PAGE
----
Phone Counseling Improves QOL in Cervical Cancer Survivors

February 25, 2015
Cancer Network Staff

Cervical cancer survivors saw improvements in self-reported quality-of-life outcomes with a psychosocial telephone counseling intervention, according to a new study.

Cervical cancer survivors saw improvements in self-reported quality-of-life (QOL) outcomes with a psychosocial telephone counseling (PTC) intervention, according to a new study.

“[Cervical cancer] survivors, many of whom are young and underserved minorities, experience QOL disruptions that can persist long after cancer treatment has ended, resulting in unmet supportive care needs,” wrote study authors led by Lari Wenzel, PhD, of the University of California, Irvine. “Within the intervention literature, the benefits of PTC to improve QOL in survivors of cancer have also been well documented.”

In this study, researchers compared PTC to usual care in 204 women; all patients were at least 9 months and less than 30 months from diagnosis. The mean age was 43 years, and 40% of the women were Hispanic; 51% were non-Hispanic white. The results were published online ahead of print in the Journal of Clinical Oncology.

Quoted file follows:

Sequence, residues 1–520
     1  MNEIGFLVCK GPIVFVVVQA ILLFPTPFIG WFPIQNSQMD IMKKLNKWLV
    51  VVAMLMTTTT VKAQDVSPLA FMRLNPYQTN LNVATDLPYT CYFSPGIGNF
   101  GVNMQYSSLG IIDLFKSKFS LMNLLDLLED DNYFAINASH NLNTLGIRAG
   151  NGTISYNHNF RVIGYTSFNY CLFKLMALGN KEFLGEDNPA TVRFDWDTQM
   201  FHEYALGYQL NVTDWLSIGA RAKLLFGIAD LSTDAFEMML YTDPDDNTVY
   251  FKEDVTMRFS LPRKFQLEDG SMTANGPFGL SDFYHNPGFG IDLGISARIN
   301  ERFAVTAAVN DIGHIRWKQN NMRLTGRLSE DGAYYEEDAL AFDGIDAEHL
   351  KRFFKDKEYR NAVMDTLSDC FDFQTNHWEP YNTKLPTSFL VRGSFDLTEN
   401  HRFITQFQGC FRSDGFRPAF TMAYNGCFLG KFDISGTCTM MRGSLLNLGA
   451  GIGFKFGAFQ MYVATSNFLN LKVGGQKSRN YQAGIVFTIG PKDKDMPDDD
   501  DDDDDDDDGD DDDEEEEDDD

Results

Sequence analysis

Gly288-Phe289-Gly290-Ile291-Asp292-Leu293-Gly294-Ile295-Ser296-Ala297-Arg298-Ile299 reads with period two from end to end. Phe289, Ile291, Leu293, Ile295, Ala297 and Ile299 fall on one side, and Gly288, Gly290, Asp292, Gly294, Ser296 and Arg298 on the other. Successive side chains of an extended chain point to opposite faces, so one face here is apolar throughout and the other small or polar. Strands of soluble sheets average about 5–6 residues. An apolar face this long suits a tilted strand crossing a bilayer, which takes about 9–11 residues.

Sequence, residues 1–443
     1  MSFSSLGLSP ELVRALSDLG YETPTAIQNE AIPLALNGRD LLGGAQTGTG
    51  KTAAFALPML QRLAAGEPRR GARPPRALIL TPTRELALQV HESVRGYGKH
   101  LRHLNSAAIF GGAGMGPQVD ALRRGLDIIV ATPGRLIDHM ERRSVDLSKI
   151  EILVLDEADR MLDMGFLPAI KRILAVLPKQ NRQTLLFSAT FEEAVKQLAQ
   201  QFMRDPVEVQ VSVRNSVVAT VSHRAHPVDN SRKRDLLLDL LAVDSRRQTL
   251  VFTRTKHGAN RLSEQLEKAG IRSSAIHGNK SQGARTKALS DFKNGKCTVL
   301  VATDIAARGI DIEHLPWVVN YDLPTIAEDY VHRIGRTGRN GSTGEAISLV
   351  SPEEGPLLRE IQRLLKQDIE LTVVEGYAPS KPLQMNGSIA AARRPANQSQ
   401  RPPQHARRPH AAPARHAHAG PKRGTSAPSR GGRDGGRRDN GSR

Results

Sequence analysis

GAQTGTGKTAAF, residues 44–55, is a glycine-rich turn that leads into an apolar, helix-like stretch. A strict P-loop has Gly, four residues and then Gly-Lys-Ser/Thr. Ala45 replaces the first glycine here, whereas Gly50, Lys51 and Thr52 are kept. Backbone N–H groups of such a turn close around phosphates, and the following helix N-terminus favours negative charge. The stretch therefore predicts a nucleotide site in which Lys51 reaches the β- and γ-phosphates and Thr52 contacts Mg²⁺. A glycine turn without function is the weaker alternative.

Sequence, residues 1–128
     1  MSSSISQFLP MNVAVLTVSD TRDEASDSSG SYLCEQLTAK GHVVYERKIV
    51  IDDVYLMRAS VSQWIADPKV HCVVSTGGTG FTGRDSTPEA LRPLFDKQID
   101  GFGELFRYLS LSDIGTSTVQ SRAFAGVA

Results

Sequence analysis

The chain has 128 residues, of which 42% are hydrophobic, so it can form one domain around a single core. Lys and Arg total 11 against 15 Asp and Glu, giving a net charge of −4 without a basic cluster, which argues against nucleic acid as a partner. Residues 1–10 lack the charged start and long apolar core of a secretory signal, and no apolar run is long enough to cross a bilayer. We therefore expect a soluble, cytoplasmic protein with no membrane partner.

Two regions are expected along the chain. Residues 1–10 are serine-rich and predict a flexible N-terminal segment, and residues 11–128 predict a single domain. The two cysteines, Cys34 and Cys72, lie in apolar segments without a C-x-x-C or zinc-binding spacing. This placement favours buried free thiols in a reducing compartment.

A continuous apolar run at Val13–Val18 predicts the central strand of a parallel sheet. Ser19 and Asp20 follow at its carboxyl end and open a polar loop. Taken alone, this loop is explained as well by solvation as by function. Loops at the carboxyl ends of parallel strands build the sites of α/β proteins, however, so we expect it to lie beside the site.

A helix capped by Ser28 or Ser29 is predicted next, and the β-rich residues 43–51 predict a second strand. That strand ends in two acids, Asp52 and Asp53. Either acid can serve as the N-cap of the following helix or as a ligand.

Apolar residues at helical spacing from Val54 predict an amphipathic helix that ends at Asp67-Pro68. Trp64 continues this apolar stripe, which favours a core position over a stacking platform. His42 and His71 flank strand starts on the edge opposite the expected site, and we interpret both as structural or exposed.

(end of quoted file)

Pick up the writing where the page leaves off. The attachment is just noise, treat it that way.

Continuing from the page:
The PTC intervention consisted of five telephone sessions and a 1-month booster, and included discussion of topics such as managing stress and emotions, health and wellness, and managing relationship and sexuality concerns. Patient-reported outcomes were assessed over time, as were longitudinal changes in cytokine levels.

After adjustment for age and baseline characteristics, patients assigned to PTC showed better scores at 4 months with regard to depression and gynecologic and cancer-specific concerns. PTC patients had a 2.4-point decrease in the FACT Additional Concerns subscale, compared with a 0.82-point decrease in the usual care group (P = .040). PTC patients also saw a 3.13-point decrease in the mean PROMIS depression scale, while the usual care patients had a 0.59-point decrease (P = .014). A similar effect was seen using the BSI depression scale (P = .041). Anxiety scores were no different between the groups.

At 9 months, PTC had better scores for gynecologic and cancer-specific concerns, though depression scores were no longer significantly different.

The researchers also studied changes in levels of interleukin-4, IL-5, and IL-13, because “the chronic stress response is associated with a heightened Th2 cytokine response.” Those participants with a longitudinal decrease in Th2 cytokines had significantly greater improvements in FACT-Cx (Functional Assessment of Cancer Therapy-Cervical) scores than those with increasing cytokine levels.

“Notably, PTC participants 4- and 9-month scores on both measures of distress improved to levels at or less than (better than) national norms,” the authors wrote. “Although some may question the power of telephone counseling to address such sensitive topics, we assert that for vulnerable survivors of cancer, the opportunity to extend an intervention via telephone may be the optimal (and often only) way to reach this population.”